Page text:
9. Maria De Paola & Vincenzo Scoppa, 2011. "Gender Discrimination and Evaluators’ Gender: Evidence from the Italian Academy," Working Papers 201106, Università della Calabria, Dipartimento di Economia, Statistica e Finanza "Giovanni Anania" - DESF.

    More about this item

    Keywords

    gender gap; wages; matched employer-employee data; female entrepreneurs;

    JEL classification:

    • M52 - Business Administration and Business Economics; Marketing; Accounting; Personnel Economics - - Personnel Economics - - - Compensation and Compensation Methods and Their Effects
    • D21 - Microeconomics - - Production and Organizations - - - Firm Behavior: Theory
    • J31 - Labor and Demographic Economics - - Wages, Compensation, and Labor Costs - - - Wage Level and Structure; Wage Differentials
    • J16 - Labor and Demographic Economics - - Demographic Economics - - - Economics of Gender; Non-labor Discrimination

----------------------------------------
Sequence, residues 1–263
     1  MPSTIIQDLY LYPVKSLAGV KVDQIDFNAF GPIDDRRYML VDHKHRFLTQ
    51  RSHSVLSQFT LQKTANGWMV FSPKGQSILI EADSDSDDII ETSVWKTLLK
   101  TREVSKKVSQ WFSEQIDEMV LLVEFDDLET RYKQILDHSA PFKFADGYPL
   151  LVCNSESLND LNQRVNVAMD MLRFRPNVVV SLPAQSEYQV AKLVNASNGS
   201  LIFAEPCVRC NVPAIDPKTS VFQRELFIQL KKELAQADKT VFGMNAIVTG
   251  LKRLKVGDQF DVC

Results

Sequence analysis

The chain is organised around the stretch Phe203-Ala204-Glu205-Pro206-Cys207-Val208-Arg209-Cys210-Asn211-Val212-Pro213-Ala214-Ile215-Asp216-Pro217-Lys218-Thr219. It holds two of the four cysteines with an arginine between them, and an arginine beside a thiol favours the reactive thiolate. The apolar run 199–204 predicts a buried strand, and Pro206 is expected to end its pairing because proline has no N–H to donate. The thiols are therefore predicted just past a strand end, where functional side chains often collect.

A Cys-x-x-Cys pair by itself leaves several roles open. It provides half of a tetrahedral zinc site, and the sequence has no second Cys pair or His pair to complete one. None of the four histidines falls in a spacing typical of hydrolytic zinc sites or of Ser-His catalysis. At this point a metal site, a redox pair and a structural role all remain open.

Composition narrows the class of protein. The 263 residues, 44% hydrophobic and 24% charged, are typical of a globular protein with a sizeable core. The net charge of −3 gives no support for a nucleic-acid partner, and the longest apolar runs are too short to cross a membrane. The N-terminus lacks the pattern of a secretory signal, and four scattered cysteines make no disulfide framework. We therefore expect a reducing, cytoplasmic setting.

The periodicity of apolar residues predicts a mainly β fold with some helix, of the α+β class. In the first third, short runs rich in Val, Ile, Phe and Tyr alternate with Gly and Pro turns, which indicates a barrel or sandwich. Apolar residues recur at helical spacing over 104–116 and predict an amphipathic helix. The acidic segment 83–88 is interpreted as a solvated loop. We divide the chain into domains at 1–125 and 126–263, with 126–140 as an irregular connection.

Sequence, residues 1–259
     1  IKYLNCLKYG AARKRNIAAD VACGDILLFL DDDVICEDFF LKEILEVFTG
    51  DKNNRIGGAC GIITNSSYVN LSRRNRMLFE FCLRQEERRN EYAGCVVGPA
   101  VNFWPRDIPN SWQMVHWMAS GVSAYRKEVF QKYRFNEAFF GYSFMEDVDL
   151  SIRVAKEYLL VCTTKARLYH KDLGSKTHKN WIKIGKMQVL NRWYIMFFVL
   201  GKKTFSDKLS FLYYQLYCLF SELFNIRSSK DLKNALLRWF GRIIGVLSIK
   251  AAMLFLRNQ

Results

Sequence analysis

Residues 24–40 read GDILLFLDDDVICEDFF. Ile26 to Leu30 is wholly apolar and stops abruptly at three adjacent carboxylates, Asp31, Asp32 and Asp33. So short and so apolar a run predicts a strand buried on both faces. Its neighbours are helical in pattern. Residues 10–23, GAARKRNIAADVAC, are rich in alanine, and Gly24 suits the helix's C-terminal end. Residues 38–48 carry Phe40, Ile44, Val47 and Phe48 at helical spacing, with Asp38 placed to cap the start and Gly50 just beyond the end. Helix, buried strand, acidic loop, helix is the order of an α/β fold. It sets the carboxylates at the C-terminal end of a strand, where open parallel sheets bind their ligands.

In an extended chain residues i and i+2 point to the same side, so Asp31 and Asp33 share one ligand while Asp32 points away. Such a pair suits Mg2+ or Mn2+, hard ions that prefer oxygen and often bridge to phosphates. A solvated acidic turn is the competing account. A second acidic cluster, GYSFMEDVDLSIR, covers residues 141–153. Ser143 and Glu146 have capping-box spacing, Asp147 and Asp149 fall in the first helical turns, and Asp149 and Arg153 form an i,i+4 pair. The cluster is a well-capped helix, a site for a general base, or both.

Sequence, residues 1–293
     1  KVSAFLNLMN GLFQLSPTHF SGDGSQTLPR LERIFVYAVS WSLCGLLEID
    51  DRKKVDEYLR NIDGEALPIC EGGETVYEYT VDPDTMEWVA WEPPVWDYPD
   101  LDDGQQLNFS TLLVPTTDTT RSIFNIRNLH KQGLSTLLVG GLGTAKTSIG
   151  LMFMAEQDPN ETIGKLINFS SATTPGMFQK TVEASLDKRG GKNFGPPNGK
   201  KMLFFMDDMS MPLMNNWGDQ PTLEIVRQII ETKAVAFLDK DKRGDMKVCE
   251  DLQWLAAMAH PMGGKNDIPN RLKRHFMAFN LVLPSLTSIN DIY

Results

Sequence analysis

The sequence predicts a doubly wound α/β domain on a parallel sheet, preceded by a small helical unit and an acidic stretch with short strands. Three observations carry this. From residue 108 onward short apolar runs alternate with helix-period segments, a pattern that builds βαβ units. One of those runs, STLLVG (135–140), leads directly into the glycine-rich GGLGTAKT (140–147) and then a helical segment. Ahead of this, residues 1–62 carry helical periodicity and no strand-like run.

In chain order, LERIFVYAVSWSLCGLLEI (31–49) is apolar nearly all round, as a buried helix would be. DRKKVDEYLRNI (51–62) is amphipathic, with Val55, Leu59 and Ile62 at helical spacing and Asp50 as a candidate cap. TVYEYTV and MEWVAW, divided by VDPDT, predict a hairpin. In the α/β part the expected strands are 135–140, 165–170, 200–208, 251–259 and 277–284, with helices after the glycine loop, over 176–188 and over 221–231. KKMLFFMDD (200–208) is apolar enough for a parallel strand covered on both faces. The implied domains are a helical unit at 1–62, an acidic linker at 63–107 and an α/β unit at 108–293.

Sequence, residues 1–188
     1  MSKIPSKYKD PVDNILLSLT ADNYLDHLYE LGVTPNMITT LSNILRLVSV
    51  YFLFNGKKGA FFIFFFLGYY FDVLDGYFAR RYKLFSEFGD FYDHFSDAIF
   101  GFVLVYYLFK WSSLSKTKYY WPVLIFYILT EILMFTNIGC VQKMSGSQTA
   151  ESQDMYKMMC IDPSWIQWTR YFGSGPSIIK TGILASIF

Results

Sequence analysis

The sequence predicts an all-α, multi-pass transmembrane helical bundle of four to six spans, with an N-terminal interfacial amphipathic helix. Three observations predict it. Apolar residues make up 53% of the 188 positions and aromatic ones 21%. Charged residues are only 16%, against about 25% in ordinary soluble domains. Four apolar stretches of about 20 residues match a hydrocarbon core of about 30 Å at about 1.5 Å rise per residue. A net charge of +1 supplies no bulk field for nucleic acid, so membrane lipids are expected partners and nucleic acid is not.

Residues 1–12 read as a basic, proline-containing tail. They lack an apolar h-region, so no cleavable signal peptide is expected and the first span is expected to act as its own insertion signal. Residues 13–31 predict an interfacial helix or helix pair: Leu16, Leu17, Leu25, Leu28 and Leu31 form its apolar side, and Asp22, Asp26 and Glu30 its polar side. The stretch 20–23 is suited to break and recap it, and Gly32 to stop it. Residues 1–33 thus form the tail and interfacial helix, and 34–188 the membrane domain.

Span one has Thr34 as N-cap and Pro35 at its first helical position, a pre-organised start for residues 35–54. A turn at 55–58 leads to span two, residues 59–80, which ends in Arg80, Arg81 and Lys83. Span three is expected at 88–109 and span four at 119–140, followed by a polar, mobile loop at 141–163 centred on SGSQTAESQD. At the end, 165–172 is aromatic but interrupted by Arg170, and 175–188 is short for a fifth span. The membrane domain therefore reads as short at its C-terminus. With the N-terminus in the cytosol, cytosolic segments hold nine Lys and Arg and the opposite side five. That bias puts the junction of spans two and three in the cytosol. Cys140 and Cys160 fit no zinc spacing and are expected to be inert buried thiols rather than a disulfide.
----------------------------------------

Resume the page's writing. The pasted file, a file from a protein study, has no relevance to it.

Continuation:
NEP fields

    This paper has been announced in the following NEP Reports:

    Statistics

    Access and download statistics

    Corrections

    All material on this site has been provided by the respective publishers and authors. You can help correct errors and omissions. When requesting a correction, please mention this item's handle: RePEc:iza:izadps:dp3210. See general information about how to correct material in RePEc.

    For technical questions regarding this item, or to correct its authors, title, abstract, bibliographic or download information, contact: (Mark Fallak). General contact details of provider: http://www.iza.org .

    If you have authored this item and are not yet registered with RePEc, we encourage you to do it here. This allows to link your profile to this item. It also allows you to accept potential citations to this item that we are uncertain about.

    If CitEc recognized a reference but did not link an item in RePEc to it, you can help with this form .

    If you know of missing items citing this one, you can help us creating those links by adding the relevant references in the same way as above, for each refering item. If you are a registered author of this item, you may also want to check the "citations" tab in your RePEc Author Service profile, as there may be some citations waiting for confirmation.

    Please note that corrections may take a couple of weeks to filter through the various RePEc services.

    IDEAS is a RePEc service hosted by the Research Division of the Federal Reserve Bank of St. Louis . RePEc uses bibliographic data supplied by the respective publishers.